exploits the branching structure of fractal tree dipoles. Because
the current is distributed over the entire end-load, the effective
removal or switching off of even relatively large sections of the
Fig. 19. Radiation patterns for each band of the tri-band four-branch, center fractal tree structure will reduce the resonant frequency only by
stubbed fractal tree monopole antenna shown in Fig. 16. small amounts. This property of reconfigurable fractal tree an-
tennas can be exploited to allow the resonances of the antenna
optimizer [15]. The plots for the matched and unmatched to be spaced close enough together to cover all of the frequen-
tri-band center-stubbed fractal tree monopoles are compared cies between adjacent bands. Second, because the fractal tree
in Fig. 18. These plots demonstrate that by placing a reactive structure has many parallel paths for the current to flow, then
matching network at the feed of the antenna, all three resonances only a relatively small number of switches may be required to
can be matched to operate at a VSWR under 2:1. Finally, Fig. 19 achieve tunability over a desired range of frequencies.
shows the radiation patterns at each of the resonances of the A design is presented here where RF switches are strate-
tri-band center stub fractal tree monopole antenna. The radia- gically placed on the third stage, six-branch 50 –30 fractal
1954 IEEE TRANSACTIONS ON ANTENNAS AND PROPAGATION, VOL. 52, NO. 8, AUGUST 2004

Fig. 21. Several states for the reconfigurable six-branch, 50 –30 fractal tree
dipole antenna. For illustrative purposes, the branches that are switched off for
each of the five different bands have been removed.

Fig. 20. Switch layout for the reconfigurable six-branch, 50 –30 fractal tree
dipole antenna.

tree dipole antenna to make it reconfigurable (i.e., tunable) over


a bandwidth of 68%. The antenna uses 204 separate switches
placed throughout both tree structures (a total of 102 on each
end) to produce 20 reconfigurable states. The locations of these
RF switches are illustrated in Fig. 20. The switches are placed at
every junction inside the tree structure with the exception of the
junction joining the base to the first stage. The junctions joining
the first and second stages all have six switches associated with
each of the six branches. In addition the 36 junctions between
the second and third stage of the fractal structure have switches
associated with each of them. The six junctions between the Fig. 22. S versus frequency for the reconfigurable six-branch, 50 –30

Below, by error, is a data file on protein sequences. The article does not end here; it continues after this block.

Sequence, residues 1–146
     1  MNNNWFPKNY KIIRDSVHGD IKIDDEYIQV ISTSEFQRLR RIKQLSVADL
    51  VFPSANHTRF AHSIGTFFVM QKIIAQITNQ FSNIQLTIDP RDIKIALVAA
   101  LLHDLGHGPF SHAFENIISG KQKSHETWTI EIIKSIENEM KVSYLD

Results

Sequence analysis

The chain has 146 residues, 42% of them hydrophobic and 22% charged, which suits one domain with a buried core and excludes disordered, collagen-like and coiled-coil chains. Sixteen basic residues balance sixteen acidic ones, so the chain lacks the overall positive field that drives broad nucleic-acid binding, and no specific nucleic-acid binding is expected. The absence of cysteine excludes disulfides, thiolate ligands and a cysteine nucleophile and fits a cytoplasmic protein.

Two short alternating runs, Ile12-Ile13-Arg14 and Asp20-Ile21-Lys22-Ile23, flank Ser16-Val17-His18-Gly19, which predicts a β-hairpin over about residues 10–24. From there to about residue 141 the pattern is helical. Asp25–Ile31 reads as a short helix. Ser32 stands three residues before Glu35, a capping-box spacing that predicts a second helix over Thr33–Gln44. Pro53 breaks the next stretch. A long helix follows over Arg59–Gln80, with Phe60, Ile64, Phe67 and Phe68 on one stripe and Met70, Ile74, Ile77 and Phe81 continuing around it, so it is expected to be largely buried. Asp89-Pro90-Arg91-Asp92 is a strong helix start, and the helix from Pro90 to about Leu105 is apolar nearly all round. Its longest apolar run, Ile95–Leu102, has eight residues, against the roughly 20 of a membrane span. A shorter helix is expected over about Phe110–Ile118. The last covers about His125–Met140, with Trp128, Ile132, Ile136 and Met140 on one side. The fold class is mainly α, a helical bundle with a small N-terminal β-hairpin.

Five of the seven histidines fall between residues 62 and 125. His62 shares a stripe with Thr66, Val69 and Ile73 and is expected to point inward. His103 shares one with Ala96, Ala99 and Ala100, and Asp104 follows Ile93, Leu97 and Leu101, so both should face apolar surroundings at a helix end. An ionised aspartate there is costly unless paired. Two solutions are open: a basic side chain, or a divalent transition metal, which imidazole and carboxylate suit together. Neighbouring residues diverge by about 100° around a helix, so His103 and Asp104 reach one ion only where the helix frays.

second and third stages that are nearest to the center axis of the fractal tree antenna. The light gray curves represent each of the 20 states
the antenna can be configured to operate at. The dark gray curves represent
antenna (i.e., those that are closest to being vertical) also have reconfigured states which operate as stage 1, stage 2, and stage 3 fractal tree
six switches associated with each of the six branches. The re- antennas. The black line represents the overall minimum S the antenna can
mainder of the junctions between the second and third stage of operate over the entire band. The S was calculated with respect to 50
line.
the fractal tree have only one switch, which is placed near the
end of the branch below the junction. For this particular design, and is reconfigurable from 970 to 1570 MHz for a bandwidth
there are 20 different combinations of switch settings which cor- of 560 MHz with a VSWR below 2:1. In Fig. 22 each of
respond to 20 different resonant frequencies at which the recon- the 20 reconfigurable states is represented by a separate
figurable antenna is capable of operating. curve (indicated by light gray lines) with the lowest resonant
A rigorous moment method simulation is used to individually frequency representing the state with all the switches closed
model each of the 20 different states of the reconfigurable fractal and the highest resonant frequency representing the state with
tree antenna. The switches in the fractal tree structure are mod- all the switches open. The remaining states are achieved by
eled as ideal. Also, the MoM model for each state is generated opening the switches progressively from the top to the bottom.
from what remains of the fractal tree antenna after removing the In addition, for three of the reconfigurable states the antenna
appropriate sections that have been switched off. This is justified effectively operate as a 50 –30 fractal tree dipole with fractal
since coupling effects between these removed sections, which stages 3, 2, or 1. The curves for these three special cases
are significantly less than a half-wavelength long, and the re- are indicated on the graph by thick dark gray lines. Finally the
mainder of the antenna still being directly fed are expected to solid black line represents the overall minimum the antenna
be minimal. can be configured to for a particular frequency over the entire
In an effort to maintain the omni-directional radiation pattern operating range of the antenna. Fig. 23 presents an overlay of the
of the fractal tree antenna in the azimuthal plane, the order in co-polarized and cross-polarized radiation patterns plotted at the
which the switches are turned off is performed in a manner resonance for each state of the reconfigurable 50 –30 fractal
that preserves the symmetry of the tree about its base as much tree dipole. Because of the asymmetry in the tree geometry for